Substitute Teaching

In the new California, the term takes on a whole new meaning
Substitute Teaching

Lands_End

Published September 2010

It’s back-to-school season here in Orange County, or as I’ve come to call it, No Tutor Left Behind.

The math girl from Laguna Hills is taking reservations. The line began forming in June for the Newport Beach woman who does English. Fliers promoting SAT prep courses are thick on the ground, recession notwithstanding.

This is not because our children are anything but uniformly above average, but because this is how we roll since California’s public school system began sinking. When anti-tax kooks, petulant unions, and panicked pols start shuffling the deckchairs, you take matters into your own hands. If you can’t beat ’em, privatize.

It wasn’t always like this. Twenty years ago, when our oldest walked to the elementary school around the corner, parents scarcely knew their kids’ grades. I remember telling our daughter when she was 9 that all school was a compromise, but she’d be OK if she accepted that fourth grade was all about donkey work. I still have no idea what I meant by that. She looked at me like, “Why don’t you go be a donkey?” But she got into a good UC and got a great education at bargain rates.

Later, when a move forced us to put her sisters in a parochial school in another city, the prevailing strategy was a little different: Just stay on the right side of the nuns who had been in charge there since, like, 1961. This required good manners, a hefty tuition, and more early Mass than I’d had in mind when I moved to California. But we followed the other parents’ lead and the Lord provided. Unfortunately, with one divinely inspired A-student in middle school and the other in grade school, the economy upended and we were soon shopping for public schools again.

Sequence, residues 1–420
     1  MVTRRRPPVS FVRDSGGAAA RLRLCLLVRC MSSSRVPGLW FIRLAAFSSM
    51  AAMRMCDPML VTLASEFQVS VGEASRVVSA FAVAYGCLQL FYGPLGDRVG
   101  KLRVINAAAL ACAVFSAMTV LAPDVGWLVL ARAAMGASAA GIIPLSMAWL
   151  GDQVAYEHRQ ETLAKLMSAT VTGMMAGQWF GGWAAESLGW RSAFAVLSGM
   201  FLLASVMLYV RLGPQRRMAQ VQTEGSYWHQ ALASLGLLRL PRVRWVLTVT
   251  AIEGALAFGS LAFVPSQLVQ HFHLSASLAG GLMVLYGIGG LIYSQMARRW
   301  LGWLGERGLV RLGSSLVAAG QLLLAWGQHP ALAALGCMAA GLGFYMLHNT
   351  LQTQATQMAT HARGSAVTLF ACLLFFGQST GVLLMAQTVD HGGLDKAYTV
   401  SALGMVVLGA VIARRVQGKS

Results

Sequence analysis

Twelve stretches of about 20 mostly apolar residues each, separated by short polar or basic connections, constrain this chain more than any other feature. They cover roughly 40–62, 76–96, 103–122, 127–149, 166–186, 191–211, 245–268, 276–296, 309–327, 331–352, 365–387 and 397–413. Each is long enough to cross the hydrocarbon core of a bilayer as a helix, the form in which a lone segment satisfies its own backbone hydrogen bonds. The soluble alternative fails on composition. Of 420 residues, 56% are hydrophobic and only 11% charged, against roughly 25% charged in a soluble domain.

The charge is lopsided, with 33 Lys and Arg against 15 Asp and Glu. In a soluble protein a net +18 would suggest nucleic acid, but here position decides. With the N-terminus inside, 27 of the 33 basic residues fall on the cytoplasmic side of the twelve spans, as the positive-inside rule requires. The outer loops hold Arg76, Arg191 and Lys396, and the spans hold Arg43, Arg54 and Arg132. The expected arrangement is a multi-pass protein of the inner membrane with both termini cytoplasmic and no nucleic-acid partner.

Now neither benign neglect nor the Sign of the Cross can help. Things have changed. We aren’t in Kansas anymore. We aren’t even in California, it sometimes seems, not the California my husband, or even our oldest child, grew up in. The state is tapped out. Teachers are being laid off. Public schools—from the once-proud UC system to the kindergartens—are starving. Competition to get into college is cutthroat, and the competition for jobs once students graduate makes that look like sandbox.

For your kid to have a shot, you can’t take any chances. Now the strategy is: Get into the best possible public school system, with the highest scores and the fattest parent-supported foundation, and then pay out of pocket for outsiders to make up for the rising class sizes and the shrinking school year and the canceled advanced-placement prep and summer enrichment programs. Because all education is private now, even the public kind, even in places like Orange County where public schools have been an article of faith.

So we have moved to a school district where people buy school supplies like survivalists stockpiling canned peaches. We’ve assembled a private-education militia to fill in where teachers no longer have time or funding to tread. It hasn’t been cheap—upwards of $40 per hour per tutor last year—but has been surprisingly easy. The hills are alive with new UC graduates, and they need jobs because many have student loans hanging over their heads.

Of course, some might ask whether it makes sense to starve schools so a few tightwads can say they saved a buck or two on their taxes while the rest of us pay unemployed college students to prepare nearly 6.3 million overstressed schoolchildren for a world that’s a mess. Some might ask: Are you wondering yet what’s wrong with this picture? Are you wondering about the kids who can’t afford backup? Are you wondering what will happen when even the world’s donkey work is too complex for the new California?

I’d ask, too, but if I don’t hurry, our youngest will miss her appointment with her private college consultant. It’s not cheap, but all school is a compromise and, hey, ’tis the season. Welcome back, kids. Everyone for himself.

Illustration by Brett Affrunti

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